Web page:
The premise of the Valentine farm also calls into question the long-term viability of Black spaces like Sag Harbor. By nearly all accounts, the farm is a successful venture. Mr. Valentine capably runs his agriculture business, and he makes enough money that he can financially afford to bring in more runaways and pay them to work, with more funds left over to build housing and a school. The crux of Mingo’s perspective is that Valentine will be targeted because the farm is successful, not merely because it exists. Free Black people and abolitionists around the country know the farm is the model of self-sufficiency. As a kind of safe haven, Valentine resembles Sag Harbor, with some crucial differences. Black people can afford to spend their summers in Sag because they are financially successful. Like Valentine, they are proud of themselves for establishing a community of their own amidst a racist system, as Ben and his friends still wonder if white passersby are friendly or hostile. But Sag Harbor is only open to wealthier people and not the lower-class equivalents to Cora. Mingo would fit right in. It would be a shock if Sag Harbor was burned down, but they face the less-obvious contemporary equivalent: Adult Ben repeatedly mentions how the neighbourhoods have changed over the years due to gentrification. The consultant sees that the same thing will happen in the town he is naming, as the influx of workers are buying houses in the historically Black area because “[it’s] a little cheaper on that side of town” (Apex 157). Prices will almost certainly go up within a few years as the tech industry dominates local business. White people take over the Black area again, but they do so slowly without physical violence. The utopia of Valentine is doomed to fail, but Sag Harbor might not survive, either.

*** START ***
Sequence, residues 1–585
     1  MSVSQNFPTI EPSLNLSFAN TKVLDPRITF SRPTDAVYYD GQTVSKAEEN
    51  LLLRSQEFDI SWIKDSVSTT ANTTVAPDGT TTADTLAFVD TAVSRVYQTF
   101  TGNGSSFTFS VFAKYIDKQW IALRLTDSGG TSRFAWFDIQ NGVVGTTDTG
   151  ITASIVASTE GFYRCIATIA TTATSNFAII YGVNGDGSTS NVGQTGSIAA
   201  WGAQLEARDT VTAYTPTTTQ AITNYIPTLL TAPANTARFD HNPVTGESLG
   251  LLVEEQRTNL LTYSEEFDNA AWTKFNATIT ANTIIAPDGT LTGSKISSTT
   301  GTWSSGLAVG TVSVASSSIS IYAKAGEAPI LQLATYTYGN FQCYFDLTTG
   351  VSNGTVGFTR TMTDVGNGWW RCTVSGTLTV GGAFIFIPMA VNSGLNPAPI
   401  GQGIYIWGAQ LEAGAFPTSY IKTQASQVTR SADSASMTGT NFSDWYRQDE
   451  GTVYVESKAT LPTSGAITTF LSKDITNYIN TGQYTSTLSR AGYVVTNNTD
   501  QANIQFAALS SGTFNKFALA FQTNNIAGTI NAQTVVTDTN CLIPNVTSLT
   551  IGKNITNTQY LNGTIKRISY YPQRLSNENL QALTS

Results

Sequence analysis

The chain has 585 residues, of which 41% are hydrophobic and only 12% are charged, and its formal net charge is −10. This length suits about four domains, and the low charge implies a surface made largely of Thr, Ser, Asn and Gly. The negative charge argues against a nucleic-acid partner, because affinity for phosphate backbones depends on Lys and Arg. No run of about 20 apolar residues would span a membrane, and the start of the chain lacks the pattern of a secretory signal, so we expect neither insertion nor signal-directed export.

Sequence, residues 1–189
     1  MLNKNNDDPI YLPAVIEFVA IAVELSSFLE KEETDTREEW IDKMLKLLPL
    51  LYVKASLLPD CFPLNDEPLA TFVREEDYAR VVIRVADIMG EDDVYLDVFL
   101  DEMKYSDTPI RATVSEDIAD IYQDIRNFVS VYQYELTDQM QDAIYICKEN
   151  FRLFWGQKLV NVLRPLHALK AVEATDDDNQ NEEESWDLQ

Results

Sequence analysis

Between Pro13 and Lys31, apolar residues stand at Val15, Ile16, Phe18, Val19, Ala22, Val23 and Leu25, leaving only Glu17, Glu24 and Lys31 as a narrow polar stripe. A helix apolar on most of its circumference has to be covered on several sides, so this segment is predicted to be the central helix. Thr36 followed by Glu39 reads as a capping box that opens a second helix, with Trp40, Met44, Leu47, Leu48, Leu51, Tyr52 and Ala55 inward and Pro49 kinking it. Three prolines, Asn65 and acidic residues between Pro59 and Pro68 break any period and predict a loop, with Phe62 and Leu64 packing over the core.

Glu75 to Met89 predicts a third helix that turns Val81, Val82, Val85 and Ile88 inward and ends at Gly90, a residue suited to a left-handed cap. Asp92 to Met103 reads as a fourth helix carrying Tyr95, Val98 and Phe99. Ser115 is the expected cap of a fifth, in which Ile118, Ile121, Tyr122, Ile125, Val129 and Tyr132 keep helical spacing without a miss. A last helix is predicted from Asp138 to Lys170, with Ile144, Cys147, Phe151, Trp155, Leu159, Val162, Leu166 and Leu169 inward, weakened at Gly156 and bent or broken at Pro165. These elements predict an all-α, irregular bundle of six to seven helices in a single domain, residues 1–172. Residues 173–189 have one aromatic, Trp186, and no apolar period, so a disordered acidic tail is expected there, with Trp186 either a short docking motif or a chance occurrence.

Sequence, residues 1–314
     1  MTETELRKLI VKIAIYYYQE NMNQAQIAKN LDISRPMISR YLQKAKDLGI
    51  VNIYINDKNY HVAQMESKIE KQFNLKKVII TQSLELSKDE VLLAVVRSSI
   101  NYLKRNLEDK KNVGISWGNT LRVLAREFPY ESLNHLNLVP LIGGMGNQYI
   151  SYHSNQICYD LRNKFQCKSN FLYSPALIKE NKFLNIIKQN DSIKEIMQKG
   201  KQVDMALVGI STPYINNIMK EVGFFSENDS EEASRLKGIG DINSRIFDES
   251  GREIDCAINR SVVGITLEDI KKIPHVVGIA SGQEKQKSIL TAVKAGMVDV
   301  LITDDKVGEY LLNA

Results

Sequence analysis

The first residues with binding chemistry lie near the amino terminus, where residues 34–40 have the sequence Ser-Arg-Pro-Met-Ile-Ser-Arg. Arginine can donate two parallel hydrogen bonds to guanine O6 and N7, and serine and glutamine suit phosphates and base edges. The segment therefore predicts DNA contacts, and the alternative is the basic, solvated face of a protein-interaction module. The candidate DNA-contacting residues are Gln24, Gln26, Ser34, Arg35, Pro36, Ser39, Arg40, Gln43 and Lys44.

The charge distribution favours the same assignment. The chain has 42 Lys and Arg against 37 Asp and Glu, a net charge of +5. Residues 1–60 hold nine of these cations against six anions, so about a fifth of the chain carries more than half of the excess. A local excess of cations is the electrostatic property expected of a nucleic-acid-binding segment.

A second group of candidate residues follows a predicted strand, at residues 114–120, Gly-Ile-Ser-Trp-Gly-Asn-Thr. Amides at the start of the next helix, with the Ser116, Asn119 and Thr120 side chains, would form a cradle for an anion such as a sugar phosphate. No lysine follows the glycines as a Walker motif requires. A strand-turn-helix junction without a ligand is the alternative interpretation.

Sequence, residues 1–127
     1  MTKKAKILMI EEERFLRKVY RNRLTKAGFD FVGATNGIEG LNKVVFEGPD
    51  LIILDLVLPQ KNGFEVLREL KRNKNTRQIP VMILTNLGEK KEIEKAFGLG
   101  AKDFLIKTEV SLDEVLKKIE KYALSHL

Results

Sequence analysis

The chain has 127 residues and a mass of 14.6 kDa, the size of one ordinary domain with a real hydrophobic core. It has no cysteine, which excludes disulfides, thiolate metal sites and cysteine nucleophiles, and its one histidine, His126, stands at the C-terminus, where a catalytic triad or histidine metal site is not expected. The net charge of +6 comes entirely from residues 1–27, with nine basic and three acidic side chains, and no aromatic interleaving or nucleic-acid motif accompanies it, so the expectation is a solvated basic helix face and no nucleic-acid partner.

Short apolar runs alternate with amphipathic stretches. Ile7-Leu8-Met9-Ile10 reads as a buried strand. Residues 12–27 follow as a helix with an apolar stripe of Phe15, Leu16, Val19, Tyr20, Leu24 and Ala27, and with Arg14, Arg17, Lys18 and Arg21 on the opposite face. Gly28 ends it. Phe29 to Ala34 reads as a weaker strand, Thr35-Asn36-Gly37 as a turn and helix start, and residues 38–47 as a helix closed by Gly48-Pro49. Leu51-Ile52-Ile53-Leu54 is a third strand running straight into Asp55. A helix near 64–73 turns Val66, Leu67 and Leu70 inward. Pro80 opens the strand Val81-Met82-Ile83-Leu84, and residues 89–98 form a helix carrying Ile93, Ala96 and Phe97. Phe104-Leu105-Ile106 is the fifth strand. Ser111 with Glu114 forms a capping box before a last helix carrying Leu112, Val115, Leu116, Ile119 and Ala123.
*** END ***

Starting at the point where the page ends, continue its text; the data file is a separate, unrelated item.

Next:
If Valentine finds a utopian equivalent in Sag Harbor, then the Randall plantation finds a dystopian equivalent in the Nickel Academy. The Nickel Boys, Whitehead’s companion to The Underground Railroad, follows the idealistic Elwood and cynical Turner sentenced to suffer through a reformatory school’s blatant racism and abuse. Many of the boys are forced to work the field all day like slaves, and the state of Florida makes Nickel their official printing press to take advantage of the free labour. All boys are beaten in a white shed, and the “black boys called it the White House because that was its official name and it fit…The White House delivered the law and everyone obeyed” (Nickel 66). Administrators generally apply harsher discipline to black boys at Nickel than white boys, and their small-scale system of injustice is part of a large system run by the nation’s highest office that has upheld white supremacy since the country’s founding. Professor Derek C. Maus aptly observes that the “symbolic linkage of local and national power intimates that their shared purpose is not law enforcement but rather force enlawment” (Understanding 141). The same is true in The Underground Railroad with the Fugitive Slave Law, which was passed by Congress but enforced by local authorities. Contrary to the popular Civil Rights Movement and abolition movement in the two periods these novels are set in, the national government implicitly or explicitly sides with the racist status quo. The brutal “force enlawment” is the reason escape seems so daunting. Like Cora’s scene of instruction, Terrance Randall roasts Big Anthony alive in stocks for trying to escape to tell the rest of the enslaved people what their punishment will be for running away. Nickel boys caught running away are similarly “[taken] out back” to be killed with their hands in constricting rings (Nickel 103). In his follow-up book, Whitehead lays bare the line from slavery to imprisonment. The threat of brutal death is horrifying in these two dystopias, but they are based on real events, not imagined worlds. One can easily imagine Turner echoing J. Sutter: it is always Georgia in the eighteen fifties.